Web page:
Report # 5 - Listing your Home with an Agent?
So you've decided to sell your home. Many people assume that contacting a real estate agent should be the first step. Think again. Every year, people selling their homes make this common mistake only to find out too late in the game that they have listed their home at a price that is either too high or too low. Choosing the right agent to sell your home is obviously an important decision, but first things first, it's important to know what your home is really worth. Not knowing the value of a home prior to putting it on the market can cost a seller literally thousands of dollars, and unfortunately, too many people don't realize this until the damage has already been done.
The reasons for wanting to find out what your home is worth prior to listing your property on the market are numerous. Some real estate agents are more familiar with market values than others. If the agent you are working with lists your home at too high of a price, your property might be on the market for a long time. For many sellers, time is something that they can't afford to lose. On the other hand, if you have an agent that lists your home below market value, it may sell fast but will it sell for what it's worth? If you're not in a rush to sell, pricing a home below market value can cause you to throw away thousands of dollars. An educated seller will ultimately save thousands of dollars by doing a little homework.
You never want your real estate agent to have the sole decision when it comes to the price you will be asking for your home. You want to make sure that you play a crucial part in that decision. In order to bring your input to the table, you're going to need to know what your home is worth. Thinking that's easier said than done? Many sellers are surprised to discover that finding out the market value of their home is a lot easier than one may think.
Until recently, getting an idea of what your home was worth meant spending $300 or more for a traditional home appraisal. The process could take a week or more, and getting the results of the appraisal could take even longer. Thanks to the Internet, that's all changed. More and more home sellers are turning to online home valuations, actually called AVM reports (Automated Valuation Models), to get an idea of where their property value stands. An AVM is a sophisticated technology report, the product of an automated valuation analysis, and computer decision logic combined to provide a logical calculated estimate of a probable selling price of a residential property. These reports assume a subject property is in average condition for the neighborhood with no substantial economic improvements or deficiencies to any other typical home in the neighborhood. An AVM pulls public records, MLS data, and other valuable trending information and reports to help determine the value of a home without having a live person physically appraise the property. By combining the selling prices of comparable homes in the area, the AVM is able to determine an estimate of a property's fair market value.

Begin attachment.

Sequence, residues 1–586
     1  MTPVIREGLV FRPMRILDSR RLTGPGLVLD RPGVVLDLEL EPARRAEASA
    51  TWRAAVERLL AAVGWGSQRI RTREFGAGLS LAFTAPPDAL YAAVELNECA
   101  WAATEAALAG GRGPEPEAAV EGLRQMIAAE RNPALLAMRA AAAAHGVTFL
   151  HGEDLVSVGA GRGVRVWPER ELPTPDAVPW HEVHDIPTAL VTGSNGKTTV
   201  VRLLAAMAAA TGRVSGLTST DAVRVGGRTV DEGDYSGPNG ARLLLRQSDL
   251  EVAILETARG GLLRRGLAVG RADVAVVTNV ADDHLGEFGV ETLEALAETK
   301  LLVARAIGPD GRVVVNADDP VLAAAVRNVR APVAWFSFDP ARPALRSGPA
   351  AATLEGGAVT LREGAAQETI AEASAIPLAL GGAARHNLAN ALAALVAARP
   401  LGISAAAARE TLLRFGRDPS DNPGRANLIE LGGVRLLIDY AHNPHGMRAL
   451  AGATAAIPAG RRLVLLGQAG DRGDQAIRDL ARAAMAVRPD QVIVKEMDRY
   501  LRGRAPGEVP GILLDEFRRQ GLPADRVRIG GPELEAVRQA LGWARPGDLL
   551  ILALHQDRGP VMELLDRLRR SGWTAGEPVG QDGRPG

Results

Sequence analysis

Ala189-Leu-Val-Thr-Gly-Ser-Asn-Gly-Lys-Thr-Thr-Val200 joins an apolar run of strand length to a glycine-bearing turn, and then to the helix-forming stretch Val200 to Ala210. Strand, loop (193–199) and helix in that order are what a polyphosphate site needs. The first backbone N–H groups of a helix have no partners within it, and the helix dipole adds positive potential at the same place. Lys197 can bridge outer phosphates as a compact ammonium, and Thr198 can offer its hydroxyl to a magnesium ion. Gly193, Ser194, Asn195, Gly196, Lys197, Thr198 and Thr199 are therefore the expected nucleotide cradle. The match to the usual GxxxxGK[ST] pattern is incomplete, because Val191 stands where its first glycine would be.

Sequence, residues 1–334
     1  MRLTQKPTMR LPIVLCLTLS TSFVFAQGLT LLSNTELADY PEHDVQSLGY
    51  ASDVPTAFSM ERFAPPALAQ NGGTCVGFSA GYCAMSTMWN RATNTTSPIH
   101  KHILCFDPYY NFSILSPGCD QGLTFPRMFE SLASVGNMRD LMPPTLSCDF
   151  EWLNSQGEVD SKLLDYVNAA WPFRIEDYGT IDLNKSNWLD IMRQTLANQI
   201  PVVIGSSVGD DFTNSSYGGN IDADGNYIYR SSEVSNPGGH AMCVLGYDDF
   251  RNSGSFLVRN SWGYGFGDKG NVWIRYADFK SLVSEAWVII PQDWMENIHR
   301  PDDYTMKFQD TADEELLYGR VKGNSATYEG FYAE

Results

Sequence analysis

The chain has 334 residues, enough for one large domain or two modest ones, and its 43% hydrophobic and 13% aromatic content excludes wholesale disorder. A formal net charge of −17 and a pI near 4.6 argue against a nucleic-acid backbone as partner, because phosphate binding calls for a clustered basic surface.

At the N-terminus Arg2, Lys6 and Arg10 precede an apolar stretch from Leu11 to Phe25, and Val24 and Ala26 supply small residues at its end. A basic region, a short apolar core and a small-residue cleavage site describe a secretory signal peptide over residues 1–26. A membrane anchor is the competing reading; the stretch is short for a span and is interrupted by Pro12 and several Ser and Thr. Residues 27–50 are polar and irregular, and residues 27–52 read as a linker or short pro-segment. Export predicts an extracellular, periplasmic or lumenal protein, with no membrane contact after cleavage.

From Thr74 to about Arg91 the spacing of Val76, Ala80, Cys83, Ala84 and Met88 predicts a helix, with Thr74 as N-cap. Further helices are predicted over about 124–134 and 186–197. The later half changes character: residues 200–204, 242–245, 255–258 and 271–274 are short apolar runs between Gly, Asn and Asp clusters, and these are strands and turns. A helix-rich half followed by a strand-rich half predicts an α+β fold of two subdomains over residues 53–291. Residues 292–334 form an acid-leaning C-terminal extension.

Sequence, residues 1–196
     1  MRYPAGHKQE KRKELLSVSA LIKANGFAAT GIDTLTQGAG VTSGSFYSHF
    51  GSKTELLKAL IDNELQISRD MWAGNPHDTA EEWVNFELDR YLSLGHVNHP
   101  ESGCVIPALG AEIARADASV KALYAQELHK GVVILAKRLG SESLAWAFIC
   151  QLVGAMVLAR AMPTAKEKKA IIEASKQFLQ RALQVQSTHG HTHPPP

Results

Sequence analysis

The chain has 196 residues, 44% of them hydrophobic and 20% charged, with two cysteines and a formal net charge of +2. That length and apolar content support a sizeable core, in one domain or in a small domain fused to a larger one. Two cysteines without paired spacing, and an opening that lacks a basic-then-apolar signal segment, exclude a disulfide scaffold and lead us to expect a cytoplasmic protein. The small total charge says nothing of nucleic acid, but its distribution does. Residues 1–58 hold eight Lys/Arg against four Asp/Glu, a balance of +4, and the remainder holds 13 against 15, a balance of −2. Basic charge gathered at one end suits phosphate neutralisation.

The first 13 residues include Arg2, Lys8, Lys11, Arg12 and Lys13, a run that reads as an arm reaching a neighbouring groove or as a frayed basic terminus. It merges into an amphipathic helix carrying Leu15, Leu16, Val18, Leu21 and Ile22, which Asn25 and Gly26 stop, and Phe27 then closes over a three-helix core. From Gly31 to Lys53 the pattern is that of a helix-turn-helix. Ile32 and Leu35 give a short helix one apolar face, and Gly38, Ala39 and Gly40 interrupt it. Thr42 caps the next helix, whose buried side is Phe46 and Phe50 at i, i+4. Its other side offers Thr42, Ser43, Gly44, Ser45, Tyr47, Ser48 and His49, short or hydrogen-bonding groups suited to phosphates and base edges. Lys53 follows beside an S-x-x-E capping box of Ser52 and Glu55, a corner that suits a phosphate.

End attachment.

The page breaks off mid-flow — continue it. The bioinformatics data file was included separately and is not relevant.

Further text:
Unlike conventional appraisals, home valuation reports allow you to get an idea of what your home is worth instantly. Instead of spending $300 or more, now you can spend under $30 and get your valuation in less than a minute. One such company, will provide you with a complete valuation report that includes comparable sales of what other homes in your neighborhood have sold for. This tool can be extremely useful when determining what price you should ask for your home when it goes on the market.
By ordering one of these home valuation reports, you'll be armed with local knowledge that will help you when it's time to list your home for sale. With an AVM report you'll have a great tool to assist you and your real estate agent in determining a listing price that best serves your needs.
While the automated valuation process is considerably accurate, it is important to remember that no system is without its flaws. If you live in an extremely rural area, the system might not be able to pull enough information to provide you with an AVM. The AVM also won't take certain aspects, such as excess wear, into consideration; nor will it figure in a number of high-end upgrades. If your property is distressed, you might want to take the amount of estimated repairs and deduct it from the value you're given in your home evaluation report. In situations like this a home valuation report might not be an exact science; it is, however, a good starting point when determining your asking price.
Since the sale of your home is probably one of the largest transactions you'll ever be involved in, making sure that you approach the task in an informed, educated manner is essential. A home evaluation report isn't just an estimate of your home's fair-market value; it's a critical and first step of the home-selling process.
By Jeff Herman, Affiliate Manager of Electronic Appraiser